Risk Factors for Neonatal Thyroid Dysfunction in Pregnancies Complicated by Graves' Disease | oneGRAVESvoice

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Scientific Articles

Risk Factors for Neonatal Thyroid Dysfunction in Pregnancies Complicated by Graves’ Disease

key information

source: European Journal of Obstetrics, Gynecology, and Reproductive Biology

year: 2014

authors: Uenaka M, Tanimura K, Tairaku S, Morioka I, Ebina Y, Yamada H


To determine the factors related to adverse pregnancy outcomes and neonatal thyroid dysfunction in pregnancies complicated by Graves’ disease.

Study Design:
Thirty-five pregnancies complicated by Graves’ disease were divided into two groups: adverse pregnancy outcome (n=15) and no adverse pregnancy outcome (n=20). Adverse pregnancy outcomes included spontaneous abortion, stillbirth, premature delivery, fetal growth restriction, and pregnancy-induced hypertension. The 31 pregnancies resulting in live births were also divided into two groups: neonatal thyroid dysfunction (n=9) and normal neonatal thyroid function (n=22). Serum levels of thyroid-stimulating hormone (TSH), free thyroxine (FT4), TSH-receptor antibody (TRAb), the duration of hyperthyroidism in pregnancy, doses of antithyroid medication, and the duration of maternal antithyroid medication throughout pregnancy were compared.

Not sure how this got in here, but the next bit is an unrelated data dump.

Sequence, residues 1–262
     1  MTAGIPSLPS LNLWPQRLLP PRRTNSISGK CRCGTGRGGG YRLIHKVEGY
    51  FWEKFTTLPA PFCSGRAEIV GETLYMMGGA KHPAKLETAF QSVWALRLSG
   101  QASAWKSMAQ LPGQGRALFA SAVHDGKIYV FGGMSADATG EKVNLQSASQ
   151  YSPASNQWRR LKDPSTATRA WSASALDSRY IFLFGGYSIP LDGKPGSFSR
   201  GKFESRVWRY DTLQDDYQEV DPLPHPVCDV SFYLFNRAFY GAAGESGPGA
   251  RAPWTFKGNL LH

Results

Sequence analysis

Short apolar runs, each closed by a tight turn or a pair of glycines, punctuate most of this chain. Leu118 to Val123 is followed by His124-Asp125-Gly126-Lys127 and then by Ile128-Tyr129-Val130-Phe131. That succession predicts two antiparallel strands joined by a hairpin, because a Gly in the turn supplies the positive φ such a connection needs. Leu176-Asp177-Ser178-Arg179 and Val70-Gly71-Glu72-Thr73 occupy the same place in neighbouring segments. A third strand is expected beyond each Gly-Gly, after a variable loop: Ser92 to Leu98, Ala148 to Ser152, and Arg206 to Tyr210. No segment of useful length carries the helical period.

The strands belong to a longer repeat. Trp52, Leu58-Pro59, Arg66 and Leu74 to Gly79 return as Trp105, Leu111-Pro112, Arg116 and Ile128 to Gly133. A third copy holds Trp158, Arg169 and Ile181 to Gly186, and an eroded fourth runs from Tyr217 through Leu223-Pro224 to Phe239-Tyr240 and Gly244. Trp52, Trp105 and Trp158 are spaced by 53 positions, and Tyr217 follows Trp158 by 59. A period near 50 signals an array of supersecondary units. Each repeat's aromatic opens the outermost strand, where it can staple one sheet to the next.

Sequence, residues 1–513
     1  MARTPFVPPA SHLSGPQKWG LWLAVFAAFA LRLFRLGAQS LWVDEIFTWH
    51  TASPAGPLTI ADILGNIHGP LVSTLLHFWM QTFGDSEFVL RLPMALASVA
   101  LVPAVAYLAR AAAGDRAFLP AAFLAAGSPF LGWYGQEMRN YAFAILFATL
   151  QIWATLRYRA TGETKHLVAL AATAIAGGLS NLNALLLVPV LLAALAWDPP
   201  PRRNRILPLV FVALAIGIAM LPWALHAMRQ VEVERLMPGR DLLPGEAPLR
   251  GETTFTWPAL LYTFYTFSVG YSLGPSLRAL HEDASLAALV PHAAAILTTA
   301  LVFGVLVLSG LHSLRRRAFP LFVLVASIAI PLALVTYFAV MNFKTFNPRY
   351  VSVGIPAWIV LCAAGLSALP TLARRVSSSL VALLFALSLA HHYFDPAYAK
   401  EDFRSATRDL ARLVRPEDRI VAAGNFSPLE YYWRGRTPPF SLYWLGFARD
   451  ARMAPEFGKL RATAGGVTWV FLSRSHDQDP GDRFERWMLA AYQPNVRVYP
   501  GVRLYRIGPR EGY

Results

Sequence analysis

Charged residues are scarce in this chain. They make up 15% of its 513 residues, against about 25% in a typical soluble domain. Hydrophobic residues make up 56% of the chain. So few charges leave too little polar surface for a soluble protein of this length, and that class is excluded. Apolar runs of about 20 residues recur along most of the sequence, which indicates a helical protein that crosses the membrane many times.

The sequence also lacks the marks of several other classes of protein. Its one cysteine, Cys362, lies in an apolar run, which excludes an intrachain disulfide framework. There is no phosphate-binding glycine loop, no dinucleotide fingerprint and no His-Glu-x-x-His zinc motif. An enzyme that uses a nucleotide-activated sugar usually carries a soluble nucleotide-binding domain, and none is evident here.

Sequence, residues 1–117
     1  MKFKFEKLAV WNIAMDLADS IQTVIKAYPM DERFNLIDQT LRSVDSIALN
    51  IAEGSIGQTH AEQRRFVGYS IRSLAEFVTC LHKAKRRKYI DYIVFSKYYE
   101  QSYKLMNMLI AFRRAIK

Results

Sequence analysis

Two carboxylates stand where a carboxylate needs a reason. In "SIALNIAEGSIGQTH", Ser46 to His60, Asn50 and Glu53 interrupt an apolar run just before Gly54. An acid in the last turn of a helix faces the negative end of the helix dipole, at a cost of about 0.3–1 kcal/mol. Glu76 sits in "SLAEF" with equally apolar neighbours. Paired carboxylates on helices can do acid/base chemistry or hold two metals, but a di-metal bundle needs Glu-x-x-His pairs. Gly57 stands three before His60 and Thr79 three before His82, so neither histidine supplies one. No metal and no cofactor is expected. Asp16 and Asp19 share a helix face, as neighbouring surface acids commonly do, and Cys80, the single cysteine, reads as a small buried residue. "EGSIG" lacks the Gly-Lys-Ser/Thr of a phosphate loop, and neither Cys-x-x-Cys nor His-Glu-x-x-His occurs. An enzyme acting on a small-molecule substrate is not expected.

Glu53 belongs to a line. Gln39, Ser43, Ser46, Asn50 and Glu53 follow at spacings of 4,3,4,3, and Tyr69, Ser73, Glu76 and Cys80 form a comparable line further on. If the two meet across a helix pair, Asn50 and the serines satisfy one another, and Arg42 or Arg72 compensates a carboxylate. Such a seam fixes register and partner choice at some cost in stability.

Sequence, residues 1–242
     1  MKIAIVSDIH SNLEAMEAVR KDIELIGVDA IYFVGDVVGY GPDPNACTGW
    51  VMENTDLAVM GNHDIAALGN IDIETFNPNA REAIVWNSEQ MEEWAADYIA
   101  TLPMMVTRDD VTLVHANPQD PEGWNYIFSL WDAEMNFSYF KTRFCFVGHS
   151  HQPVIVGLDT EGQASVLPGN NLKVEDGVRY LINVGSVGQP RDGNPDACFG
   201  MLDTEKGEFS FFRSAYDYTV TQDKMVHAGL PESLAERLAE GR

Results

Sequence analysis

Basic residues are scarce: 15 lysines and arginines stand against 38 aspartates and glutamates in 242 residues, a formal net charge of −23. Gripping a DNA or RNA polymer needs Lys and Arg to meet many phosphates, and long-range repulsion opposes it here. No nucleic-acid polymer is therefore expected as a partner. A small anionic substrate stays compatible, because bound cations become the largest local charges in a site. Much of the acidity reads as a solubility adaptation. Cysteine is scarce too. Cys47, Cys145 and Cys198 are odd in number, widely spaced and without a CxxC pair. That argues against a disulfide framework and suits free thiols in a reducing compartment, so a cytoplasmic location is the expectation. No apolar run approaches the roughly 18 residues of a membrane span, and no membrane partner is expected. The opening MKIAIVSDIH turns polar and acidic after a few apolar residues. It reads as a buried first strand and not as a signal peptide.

There were no significant differences in these factors between pregnancies with an adverse pregnancy outcome and those with no adverse pregnancy outcome. However, serum levels of FT4, TRAb, the duration of hyperthyroidism in pregnancy, the maximum daily dose of antithyroid medication, and the total dose of antithyroid medication were significantly different between pregnancies with neonatal thyroid dysfunction and those with normal neonatal thyroid function. Multivariate logistic regression analysis showed that the FT4 level in mothers was a significant factor related to the development of neonatal thyroid dysfunction (odds ratio 28.84, 95% confidence interval 1.65-503.62, p<0.05).

Graves’ disease activity in women of childbearing age should be well controlled prior to conception.

organization: Kobe University Graduate School of Medicine, Japan

DOI: 10.1016/j.ejogrb.2014.03.007